If you’re a small-business owner, you probably don’t feel you have time to sort through a laundry list of business cards and complicated rewards schemes. But if you’re looking for the right card for your business in 2020 and beyond, it pays to sweat the details.

A good business card can help you invest more in your company, smooth out fluctuations in your monthly cash flow and build a better credit score for your business. It can also help you organize your expenses and monitor your employees’ spending.

Even better, many of the best business credit cards nowadays come packed with generous rewards that help you trim expenses and enjoy exclusive benefits. Here, we look at:


best business credit cards of 2020

Best Business Credit Cards

Costco Anywhere Visa® Business Card by Citi

Why it’s the best business credit card for everyday cash back

Offering 4% cash back on eligible gas purchases (for the first $7,000 in purchases annually, then 1% after that), 3% on restaurants and eligible travel, 2% on Costco purchases, and 1% on general purchases, this is an easy choice for business owners who are already Costco members.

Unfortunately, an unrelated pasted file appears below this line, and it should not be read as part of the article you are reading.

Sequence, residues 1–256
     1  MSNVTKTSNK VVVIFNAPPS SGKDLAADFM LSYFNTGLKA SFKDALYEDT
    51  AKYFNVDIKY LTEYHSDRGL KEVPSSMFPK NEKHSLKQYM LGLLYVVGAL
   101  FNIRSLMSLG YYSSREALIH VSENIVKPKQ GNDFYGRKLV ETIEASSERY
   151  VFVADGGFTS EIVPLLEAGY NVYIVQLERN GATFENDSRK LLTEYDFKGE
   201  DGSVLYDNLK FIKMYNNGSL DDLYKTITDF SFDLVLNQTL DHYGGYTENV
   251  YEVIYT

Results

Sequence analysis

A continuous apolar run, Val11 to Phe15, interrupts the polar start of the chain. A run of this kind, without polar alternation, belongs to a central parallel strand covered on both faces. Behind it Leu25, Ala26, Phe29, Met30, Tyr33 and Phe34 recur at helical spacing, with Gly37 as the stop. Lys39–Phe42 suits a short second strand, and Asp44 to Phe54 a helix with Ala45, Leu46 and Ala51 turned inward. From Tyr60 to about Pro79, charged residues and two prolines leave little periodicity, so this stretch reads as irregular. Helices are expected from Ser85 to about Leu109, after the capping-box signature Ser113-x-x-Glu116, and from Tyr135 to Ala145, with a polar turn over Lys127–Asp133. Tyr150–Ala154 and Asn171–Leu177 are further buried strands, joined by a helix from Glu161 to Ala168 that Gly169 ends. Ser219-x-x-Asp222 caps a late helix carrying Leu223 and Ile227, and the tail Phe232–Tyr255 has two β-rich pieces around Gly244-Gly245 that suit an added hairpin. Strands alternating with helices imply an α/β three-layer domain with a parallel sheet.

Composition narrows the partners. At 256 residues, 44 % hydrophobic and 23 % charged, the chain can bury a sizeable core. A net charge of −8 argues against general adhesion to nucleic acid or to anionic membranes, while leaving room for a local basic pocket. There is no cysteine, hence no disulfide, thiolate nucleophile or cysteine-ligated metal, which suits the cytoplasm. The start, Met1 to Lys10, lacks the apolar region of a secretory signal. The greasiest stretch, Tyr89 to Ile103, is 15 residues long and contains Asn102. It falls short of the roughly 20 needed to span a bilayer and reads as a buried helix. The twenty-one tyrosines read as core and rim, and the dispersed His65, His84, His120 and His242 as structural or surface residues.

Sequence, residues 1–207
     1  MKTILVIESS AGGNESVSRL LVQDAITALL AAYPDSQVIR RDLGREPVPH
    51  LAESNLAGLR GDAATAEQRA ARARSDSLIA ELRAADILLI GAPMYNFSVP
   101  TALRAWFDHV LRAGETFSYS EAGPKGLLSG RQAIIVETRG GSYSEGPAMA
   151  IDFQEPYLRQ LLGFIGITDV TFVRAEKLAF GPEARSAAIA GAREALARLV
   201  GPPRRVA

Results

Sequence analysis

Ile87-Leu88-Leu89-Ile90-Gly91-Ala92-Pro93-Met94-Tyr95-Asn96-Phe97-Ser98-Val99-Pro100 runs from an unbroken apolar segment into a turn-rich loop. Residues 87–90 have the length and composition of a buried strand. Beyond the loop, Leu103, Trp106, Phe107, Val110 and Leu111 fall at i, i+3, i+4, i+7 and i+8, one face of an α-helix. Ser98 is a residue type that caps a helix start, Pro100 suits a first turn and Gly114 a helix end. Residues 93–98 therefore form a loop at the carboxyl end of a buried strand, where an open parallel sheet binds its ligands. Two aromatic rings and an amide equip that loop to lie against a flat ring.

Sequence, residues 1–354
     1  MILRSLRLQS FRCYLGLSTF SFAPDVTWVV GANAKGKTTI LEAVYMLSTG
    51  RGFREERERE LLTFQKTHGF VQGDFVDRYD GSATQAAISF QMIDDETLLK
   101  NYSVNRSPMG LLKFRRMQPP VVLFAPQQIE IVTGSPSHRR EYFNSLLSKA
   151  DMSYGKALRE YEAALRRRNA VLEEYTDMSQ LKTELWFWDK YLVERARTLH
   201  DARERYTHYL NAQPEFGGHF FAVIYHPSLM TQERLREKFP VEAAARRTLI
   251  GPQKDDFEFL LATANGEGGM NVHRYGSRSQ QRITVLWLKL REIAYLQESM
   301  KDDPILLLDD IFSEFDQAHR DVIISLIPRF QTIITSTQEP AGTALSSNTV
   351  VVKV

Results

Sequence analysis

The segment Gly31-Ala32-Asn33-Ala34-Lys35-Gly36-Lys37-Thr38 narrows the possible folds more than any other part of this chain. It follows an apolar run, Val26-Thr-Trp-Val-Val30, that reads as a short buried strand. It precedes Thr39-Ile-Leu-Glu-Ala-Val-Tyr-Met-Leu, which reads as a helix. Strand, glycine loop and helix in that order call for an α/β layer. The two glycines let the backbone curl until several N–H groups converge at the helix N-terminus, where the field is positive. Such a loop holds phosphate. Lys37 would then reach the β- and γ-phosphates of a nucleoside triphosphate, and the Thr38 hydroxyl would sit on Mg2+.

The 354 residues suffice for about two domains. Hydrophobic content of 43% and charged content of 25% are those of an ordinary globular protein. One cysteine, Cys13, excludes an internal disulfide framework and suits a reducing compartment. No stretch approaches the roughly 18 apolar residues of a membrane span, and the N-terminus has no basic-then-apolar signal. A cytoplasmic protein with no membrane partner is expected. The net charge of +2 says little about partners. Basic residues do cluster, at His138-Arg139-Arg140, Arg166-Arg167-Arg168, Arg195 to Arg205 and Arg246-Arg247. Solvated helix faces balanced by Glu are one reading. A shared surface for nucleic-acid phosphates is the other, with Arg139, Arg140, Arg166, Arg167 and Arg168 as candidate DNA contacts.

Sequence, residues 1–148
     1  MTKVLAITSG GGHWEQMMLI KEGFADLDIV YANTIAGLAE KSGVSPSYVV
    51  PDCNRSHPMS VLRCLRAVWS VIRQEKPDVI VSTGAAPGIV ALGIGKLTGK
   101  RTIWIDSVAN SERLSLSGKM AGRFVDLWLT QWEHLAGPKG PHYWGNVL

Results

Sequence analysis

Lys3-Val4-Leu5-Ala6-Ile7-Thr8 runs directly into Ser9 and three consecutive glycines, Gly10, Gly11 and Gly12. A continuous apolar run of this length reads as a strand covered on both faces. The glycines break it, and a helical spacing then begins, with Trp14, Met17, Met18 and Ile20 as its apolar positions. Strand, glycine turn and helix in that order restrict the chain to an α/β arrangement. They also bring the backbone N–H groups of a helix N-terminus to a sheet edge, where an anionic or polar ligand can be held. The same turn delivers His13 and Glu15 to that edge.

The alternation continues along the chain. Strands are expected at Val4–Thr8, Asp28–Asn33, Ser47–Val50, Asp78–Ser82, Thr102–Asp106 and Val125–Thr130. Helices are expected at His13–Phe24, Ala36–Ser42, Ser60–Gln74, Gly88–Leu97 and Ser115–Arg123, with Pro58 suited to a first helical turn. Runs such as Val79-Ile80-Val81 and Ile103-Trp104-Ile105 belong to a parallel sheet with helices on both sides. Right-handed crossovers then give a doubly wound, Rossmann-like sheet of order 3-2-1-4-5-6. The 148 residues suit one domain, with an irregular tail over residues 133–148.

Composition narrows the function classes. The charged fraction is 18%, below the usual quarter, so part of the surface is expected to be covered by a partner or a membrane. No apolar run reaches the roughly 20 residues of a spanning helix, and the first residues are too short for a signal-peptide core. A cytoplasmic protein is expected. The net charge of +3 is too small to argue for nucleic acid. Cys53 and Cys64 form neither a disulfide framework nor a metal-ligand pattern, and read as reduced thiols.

Pros

There’s no cap on rewards earnings and no annual fee with a paid ($60) Costco membership.

Cons

The cash back rewards are only issued once a year in February and are only redeemable at Costco. The 3% is pretty great, although it has its limits with current restrictions on travel and dining in restaurants.

CitiBusiness® / AAdvantage® Platinum Select® World Mastercard®

Why it’s the best business credit card for business travel

This card is packed with travel rewards perks for frequent American Airlines flyers, including 2x AAdvantage® miles on eligible purchases at American Airlines, telecommunications merchants, cable and satellite providers, car rental merchants and gas stations.